You’re a salesman. We all are. Or should be.

first_img(Quick side note to those of you who subscribe to my blog via RSS or Feedblitz: Yesterday’s video didn’t render for you. I’m sorry it got blocked! If you didn’t get to see it, go here!)I am reading Daniel Pink‘s new book, To Sell Is Human. The central point of the book is this: Whether we’re employees pitching colleagues on a new idea, nonprofit staff trying to persuade people to rally to our cause, or parents trying to get our kids to do their homework, we spend our days trying to move others. As Pink puts it: “Do you earn your living trying to convince others? Like it or not, we’re all in sales now.”I agree with this – in fact, I’ve often said we’re all marketers, too. Pink says that means we need three skills – the ABCs. Not the old “always be closing” mantra of Glengarry Glen Ross, but rather attunement, buoyancy and clarity. He means the ability to connect, a sense of resilience and clarity of purpose. We all must learn to pitch, to improvise and to serve.“Selling isn’t some grim accommodation to a brutal marketplace culture. It’s part of who we are – and therefore something we can do better by being more human.”We would all make the world a better place if we embraced the fact we can’t just be right in our fight. The best idea in the world can’t advance without connecting to others. We have to persuade others to join our effort. And that isn’t dictating – it’s selling. Congratulations – you’re a salesman or a saleswoman. And I am too.last_img read more

The incredibly simple, science-driven way to connect and compel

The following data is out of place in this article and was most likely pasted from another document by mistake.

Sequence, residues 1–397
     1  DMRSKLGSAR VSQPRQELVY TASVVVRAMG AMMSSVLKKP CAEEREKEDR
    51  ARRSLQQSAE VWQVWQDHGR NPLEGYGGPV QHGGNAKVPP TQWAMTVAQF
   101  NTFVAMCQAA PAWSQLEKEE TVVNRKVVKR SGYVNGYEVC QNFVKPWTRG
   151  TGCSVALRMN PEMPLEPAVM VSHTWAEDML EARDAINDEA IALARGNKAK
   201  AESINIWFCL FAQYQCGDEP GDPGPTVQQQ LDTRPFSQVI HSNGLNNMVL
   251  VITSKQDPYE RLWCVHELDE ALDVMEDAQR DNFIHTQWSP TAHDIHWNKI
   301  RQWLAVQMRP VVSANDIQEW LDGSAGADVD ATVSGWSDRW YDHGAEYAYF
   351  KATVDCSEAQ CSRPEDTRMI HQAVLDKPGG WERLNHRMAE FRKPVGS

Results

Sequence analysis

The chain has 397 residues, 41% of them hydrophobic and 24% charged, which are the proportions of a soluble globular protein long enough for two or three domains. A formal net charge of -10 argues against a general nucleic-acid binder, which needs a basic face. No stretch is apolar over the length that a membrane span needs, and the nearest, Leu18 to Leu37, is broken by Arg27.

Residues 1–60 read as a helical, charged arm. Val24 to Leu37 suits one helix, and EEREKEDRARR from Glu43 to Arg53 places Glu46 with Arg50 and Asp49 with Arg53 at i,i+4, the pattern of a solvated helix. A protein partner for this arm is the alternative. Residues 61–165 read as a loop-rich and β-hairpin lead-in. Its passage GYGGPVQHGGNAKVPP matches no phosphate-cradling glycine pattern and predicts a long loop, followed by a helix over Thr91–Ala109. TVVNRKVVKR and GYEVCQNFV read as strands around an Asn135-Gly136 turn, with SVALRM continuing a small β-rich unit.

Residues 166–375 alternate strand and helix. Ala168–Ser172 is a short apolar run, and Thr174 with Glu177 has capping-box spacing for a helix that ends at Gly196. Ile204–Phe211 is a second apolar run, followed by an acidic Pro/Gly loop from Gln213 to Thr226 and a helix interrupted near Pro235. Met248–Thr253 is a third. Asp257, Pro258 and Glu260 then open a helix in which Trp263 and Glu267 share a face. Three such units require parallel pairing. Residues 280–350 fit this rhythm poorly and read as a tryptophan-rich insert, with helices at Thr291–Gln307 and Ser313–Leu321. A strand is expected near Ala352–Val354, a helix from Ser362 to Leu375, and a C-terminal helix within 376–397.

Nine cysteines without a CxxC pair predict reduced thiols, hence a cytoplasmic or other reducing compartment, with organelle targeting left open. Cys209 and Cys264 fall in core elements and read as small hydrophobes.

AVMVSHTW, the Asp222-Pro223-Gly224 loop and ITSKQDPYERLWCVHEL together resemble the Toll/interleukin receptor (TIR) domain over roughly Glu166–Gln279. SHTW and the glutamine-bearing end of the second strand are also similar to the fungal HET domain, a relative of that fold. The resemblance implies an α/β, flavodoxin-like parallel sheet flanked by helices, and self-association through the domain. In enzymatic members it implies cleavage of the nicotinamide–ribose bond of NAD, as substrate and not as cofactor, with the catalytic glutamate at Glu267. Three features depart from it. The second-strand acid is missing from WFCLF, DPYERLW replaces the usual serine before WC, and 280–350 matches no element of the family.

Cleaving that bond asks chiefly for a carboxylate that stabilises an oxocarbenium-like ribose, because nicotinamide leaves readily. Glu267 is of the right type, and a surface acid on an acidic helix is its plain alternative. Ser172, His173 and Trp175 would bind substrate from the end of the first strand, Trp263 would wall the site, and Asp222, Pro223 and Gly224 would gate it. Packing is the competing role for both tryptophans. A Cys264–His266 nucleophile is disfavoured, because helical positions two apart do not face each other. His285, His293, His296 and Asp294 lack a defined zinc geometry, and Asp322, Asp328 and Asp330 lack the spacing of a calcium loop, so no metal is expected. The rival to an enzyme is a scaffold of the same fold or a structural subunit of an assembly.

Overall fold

first_imgOur brains are actually hard wired to relate to other people’s experiences. When we witness or imagine someone acting, our own neurons fire in the same way they would if we were undertaking the same action. That’s why your heart races when your favorite athlete soars toward the football or you feel fear and sorrow watching a mother struggling to save her child from flood waters.When we translate that empathy into helping another person, we have another reaction in our brains: We’re rewarded with happy feelings, thanks to a chemical dose to our brain’s pleasure center. I like to imagine (and there is some evidence) that the human race is somehow designed to commit to each other and accomplish great things in concert. I’ll give you an example. Watch this video and think about how you feel. It makes me happier – and kinder.In this ad, Coke has connected to these deep rewards of generosity. The purpose of this post is to ask, if Coke is doing it, why the heck aren’t you? Why aren’t you making people as happy as you could by making visible the acts of kindness that you commit every day, all day, at work? You can and should awaken these feelings in the people you want to move to action. It’s not manipulation. It’s being human.Please think about this clip and how your cause could be its star. The next time you send something a message out to the world, make sure:1. It tells a vivid story of someone doing good2. It shows the reaction of the person helped3. It inspires the rest of us to do the sameThis is the incredibly simple, science-driven way to connect and compel. And Coke shouldn’t be the only one doing it.You can and should, too.last_img read more